Bell Aerosystems has been building U.S. military helicopters for years now, but in 1967, they pitched something way outside of the box that they believed would revolutionise warfare as the world knew it – we’re just surprised they weren’t laughed off the scene altogether. Yes –you’ve got it from the title – they suggested that soldiers enter battle via jetpacks, and there are some illustrations that show what this might look like.
According to their plans, Bell Aerosystems thought providing the U.S. Army with a whole family of jet turbine systems would give them a strong competitive advantage, completely disregarding how easy a target these men would be to shoot down by the opposing side. The idea was recovered in a briefing report where the jetpack initiative was entitled “Light Mobility Systems Missions” (catchy!). They drew up sci-fi inspired concepts from single, backpack-style jetpacks strapped to soldiers to platforms that could carry two passengers and go at speeds of up to 100mph.
Bell Aerosystems suggested that jetpack soldiers could go ahead of their units to locate enemy whereabouts and give commanders the time they needed to make the necessary plan of action.
An extract of the Bell Aerosystems report said: “This system is capable of operating over a greater distance in less time than is possible with the ground reconnaissance patrol. It would provide a more responsive means of determining and verifying intelligence which cannot be obtained as rapidly by higher-level resources. Included are missions such as providing point and flank security for moving elements.”
Of course, this is somewhat delusional thinking as we are sure just about everyone would notice a flying soldier peeping on their camp, but we’re not the experts – hey?!
Unsurprisingly, the U.S. generals never bought into the compelling concept of LMS, even with the infinite funds they had for national defence back in 1967 (two and a half times the budgets they have today!). And it’s apparent why when you read it.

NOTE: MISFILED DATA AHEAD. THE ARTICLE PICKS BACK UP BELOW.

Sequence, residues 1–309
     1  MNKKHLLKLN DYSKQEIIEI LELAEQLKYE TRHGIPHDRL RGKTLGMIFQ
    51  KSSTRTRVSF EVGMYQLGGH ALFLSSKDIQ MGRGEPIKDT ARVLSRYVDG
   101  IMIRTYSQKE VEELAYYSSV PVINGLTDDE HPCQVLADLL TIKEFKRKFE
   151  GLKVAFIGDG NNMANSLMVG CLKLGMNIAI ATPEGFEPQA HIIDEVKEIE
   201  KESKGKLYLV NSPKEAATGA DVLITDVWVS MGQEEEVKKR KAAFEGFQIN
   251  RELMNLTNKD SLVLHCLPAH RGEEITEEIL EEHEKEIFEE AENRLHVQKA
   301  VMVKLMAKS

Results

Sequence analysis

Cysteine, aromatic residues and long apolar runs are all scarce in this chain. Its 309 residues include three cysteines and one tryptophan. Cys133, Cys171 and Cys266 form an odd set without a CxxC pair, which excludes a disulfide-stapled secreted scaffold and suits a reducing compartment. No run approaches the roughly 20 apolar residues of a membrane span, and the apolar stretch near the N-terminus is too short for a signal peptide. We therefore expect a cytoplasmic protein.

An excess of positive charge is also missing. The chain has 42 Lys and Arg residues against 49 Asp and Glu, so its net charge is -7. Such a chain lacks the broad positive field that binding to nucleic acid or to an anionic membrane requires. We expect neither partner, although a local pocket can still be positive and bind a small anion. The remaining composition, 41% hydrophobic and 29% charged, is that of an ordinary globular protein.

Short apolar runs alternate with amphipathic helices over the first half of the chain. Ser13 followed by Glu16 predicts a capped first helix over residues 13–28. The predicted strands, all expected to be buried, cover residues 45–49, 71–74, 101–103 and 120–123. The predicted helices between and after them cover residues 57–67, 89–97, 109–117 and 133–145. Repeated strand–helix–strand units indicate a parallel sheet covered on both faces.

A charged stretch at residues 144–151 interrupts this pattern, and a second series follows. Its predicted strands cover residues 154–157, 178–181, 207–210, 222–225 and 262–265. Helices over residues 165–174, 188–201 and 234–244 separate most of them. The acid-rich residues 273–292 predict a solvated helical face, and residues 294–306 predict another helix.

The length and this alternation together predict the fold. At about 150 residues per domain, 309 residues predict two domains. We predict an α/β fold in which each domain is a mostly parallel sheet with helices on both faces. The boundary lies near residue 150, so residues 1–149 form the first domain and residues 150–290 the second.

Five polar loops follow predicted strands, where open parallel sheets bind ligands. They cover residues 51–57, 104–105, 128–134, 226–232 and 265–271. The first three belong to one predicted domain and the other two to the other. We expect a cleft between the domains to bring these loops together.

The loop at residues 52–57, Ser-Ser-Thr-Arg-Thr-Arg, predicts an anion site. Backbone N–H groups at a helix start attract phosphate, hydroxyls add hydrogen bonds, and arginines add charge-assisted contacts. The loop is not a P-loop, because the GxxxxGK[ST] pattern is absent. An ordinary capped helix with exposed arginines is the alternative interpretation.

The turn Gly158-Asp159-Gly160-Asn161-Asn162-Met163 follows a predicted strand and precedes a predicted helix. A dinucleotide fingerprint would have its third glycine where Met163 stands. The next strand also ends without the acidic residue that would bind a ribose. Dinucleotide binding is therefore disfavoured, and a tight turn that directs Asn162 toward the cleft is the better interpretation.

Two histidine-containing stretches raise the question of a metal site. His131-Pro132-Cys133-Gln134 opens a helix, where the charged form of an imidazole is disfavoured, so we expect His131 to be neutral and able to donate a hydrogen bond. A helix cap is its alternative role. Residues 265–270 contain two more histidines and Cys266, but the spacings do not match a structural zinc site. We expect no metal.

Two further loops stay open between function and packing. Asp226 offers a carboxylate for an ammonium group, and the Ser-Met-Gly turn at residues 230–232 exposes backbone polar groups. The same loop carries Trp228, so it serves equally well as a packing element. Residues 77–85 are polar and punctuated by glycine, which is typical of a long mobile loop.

In almost every depiction of the soldiers with jetpacks, they seem rather exposed to enemy fire, purely because of how low the soldiers were to the ground – further emphasising the first weakness of LMS by highlighting them as the primary targets. In the Vietnam war, the U.S. lost 5,607 helicopters which just goes to show how vulnerable low target aircrafts were.
The report also emphasised another weakness: soldiers would have to carry weapons that had minimal recoil. Although, they never mention why, we can only assume it was so the soldiers didn’t spin out of control.
And, not to be forgotten, the jetpacks would need a lot of fuel for limited flight times, rendering them pretty useless on the battlefield.
Nevertheless, Bell Aerosystem believed these jetpacks would be the next big thing for U.S. warfare. They even suggested them as a way for getting propaganda out there, with aerial loudspeakers fitted to the machines. These loudspeakers could also be a way to distract adversaries as the Americans were sometimes known to play music on the battlefield to confuse their enemies.
The versatility of the jetpack was demonstrated in a two page illustration, showing the vast imaginations of the Bell Aerosystems’ inventors, who believed they had invented the ‘it’ tool for all future warfare. Well, we’ll have to wait and see on that one…
You can view the illustrations here.
Would you enter a skirmish, airsoft rifle in hand, via jet-pack? Let us know!
Image credit: Steve Jurvetson